Parkinson's Disease

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Many patients seeking treatment for Parkinson’s disease in Dallas and Fort Worth explore deep brain stimulation as a viable treatment option. Deep brain stimulation and other treatment options require the expertise of renowned neurosurgeon Dr. Nader Pouratian.

What Is Parkinson’s Disease?

Parkinson disease is a degenerative disorder of the brain that affects movement. The disease gradually progresses over time and can become debilitating. Most people associate Parkinson disease with a tremor, but there are multiple other movement problems that patient can experience, including:

  • Tremors – Involuntary movements that can occur in the face, arms, fingers, legs, and toes. Tremors usually occur at rest, but in severe cases, tremors can also occur with movement.
  • Rigidity – Muscle stiffness that hinders movement
  • Bradykinesia – Slowing of movement
  • Hypomimia – Decreased facial expressions as well as decreased blinking
  • Abnormal Gait – Difficulty walking, including freezing of gait
  • Abnormal Posture – Bent standing posture

While it is called a movement disorder, Parkinson disease affects more than just movement. Other symptoms of Parkinson disease include:

  • Depression – can occur in up to 80% of patients with Parkinson disease
  • Constipation – Infrequent and difficult bowel movements
  • Anosmia – Decreased smell
  • Sleep disorder – Vivid dreams, acting out in sleep, and difficulty sleeping
  • Impaired decision making and multitasking
  • Dementia – Often later in disease. When it occurs early, it may indicate a different diagnosis should be considered
  • Chronic pain
Dr. Pouratian is my neurosurgeon and performed DBS (deep brain stimulation) surgery on me in 2012. From the moment I met him I felt comfortable and knew I was in good hands. His confidence and expertise on Parkinson’s disease and DBS was very reassuring. I never questioned his abilities for a minute. Dr. Pouratian has excellent bed-side manner and someone I truly consider a friend.Self-verified patient of Dr. Pouratian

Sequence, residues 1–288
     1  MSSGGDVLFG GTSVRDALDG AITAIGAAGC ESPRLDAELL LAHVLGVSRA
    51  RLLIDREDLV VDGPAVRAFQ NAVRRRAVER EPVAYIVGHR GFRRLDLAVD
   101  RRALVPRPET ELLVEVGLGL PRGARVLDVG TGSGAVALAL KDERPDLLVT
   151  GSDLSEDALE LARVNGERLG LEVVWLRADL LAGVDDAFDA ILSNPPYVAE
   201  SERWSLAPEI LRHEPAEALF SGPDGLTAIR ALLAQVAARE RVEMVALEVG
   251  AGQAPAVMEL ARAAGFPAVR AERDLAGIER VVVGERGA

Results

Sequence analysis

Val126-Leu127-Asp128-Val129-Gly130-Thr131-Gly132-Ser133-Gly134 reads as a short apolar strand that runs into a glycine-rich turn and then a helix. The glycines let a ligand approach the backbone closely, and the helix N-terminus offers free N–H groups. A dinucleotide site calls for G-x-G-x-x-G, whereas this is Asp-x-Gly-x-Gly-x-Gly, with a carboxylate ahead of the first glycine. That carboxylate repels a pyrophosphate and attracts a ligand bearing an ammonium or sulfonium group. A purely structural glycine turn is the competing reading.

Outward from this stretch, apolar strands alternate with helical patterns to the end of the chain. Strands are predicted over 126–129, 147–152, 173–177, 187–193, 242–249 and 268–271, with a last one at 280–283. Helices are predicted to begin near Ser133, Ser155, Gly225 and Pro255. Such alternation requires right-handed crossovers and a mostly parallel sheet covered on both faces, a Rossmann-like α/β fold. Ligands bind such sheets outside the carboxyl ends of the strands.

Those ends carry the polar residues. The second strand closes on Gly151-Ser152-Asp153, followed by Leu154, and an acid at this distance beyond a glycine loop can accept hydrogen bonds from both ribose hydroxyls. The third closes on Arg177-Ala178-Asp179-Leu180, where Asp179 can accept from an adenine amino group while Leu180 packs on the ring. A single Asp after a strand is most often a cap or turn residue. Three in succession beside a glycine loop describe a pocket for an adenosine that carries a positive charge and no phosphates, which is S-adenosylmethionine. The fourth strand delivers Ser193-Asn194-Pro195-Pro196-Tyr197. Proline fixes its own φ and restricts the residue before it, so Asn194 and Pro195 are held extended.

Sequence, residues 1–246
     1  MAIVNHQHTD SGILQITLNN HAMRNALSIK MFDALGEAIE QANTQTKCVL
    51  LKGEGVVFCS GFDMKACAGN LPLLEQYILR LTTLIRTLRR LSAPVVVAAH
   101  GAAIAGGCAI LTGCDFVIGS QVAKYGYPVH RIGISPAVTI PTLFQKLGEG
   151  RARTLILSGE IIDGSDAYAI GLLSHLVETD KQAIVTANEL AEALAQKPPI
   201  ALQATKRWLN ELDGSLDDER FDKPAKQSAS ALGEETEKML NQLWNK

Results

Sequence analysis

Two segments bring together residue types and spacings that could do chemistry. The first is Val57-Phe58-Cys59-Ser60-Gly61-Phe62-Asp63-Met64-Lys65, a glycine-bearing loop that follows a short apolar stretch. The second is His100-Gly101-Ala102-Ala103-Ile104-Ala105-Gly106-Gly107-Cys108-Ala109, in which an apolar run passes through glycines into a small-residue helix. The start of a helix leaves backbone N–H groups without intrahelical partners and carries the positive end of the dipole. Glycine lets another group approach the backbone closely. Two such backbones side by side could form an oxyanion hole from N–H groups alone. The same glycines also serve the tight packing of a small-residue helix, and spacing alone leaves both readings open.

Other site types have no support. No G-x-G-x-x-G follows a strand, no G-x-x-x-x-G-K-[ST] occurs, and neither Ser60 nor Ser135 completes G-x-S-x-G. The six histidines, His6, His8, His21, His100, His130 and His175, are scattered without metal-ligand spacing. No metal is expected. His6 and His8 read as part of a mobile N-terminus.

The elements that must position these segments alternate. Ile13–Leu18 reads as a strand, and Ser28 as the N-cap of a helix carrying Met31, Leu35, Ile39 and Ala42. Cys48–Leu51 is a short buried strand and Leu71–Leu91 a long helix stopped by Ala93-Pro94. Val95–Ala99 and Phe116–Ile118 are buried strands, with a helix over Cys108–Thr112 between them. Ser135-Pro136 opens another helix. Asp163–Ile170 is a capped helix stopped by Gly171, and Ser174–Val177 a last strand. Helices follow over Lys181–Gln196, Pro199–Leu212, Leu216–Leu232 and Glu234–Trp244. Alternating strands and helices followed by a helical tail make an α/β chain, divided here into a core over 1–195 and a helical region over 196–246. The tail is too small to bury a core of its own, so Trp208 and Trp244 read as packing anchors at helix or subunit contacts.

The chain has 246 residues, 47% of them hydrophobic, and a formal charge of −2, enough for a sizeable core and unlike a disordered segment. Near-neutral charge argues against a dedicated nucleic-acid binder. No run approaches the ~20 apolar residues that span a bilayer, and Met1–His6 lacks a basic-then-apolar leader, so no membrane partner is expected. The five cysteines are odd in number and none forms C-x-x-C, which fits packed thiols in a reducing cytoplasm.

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Parkinson disease is caused by the gradual death of neurons (nerve cells) in the brain. These neurons produce dopamine, a neurotransmitter that is responsible for transmitting signals between neurons in the brain. When dopamine levels decrease due to the neuron death it can cause abnormal brain activity to occur and can lead to the development of Parkinson disease.

While the exact cause of Parkinson’s disease is not fully understood, there are identifiable factors that have been shown to play a role in the development of Parkinson’s disease. These factors include your genes and environmental triggers such as exposure to toxins known to cause Parkinson’s disease. Age is also an important factor since Parkinson’s rarely occur in younger individuals and is much more prevalent in patients around 60 years old. Men are also at a higher risk of developing Parkinson’s disease.


During your consultation for Parkinson’s disease, your medical history will be thoroughly reviewed. An evaluation of your responsiveness to medications, quality of life, and severity of motor symptoms will be conducted.

If it is determined that you have Parkinson’s, a specialized treatment program will be developed based on your condition. You will be informed of the possible complications and potential benefits of the chosen treatment modality.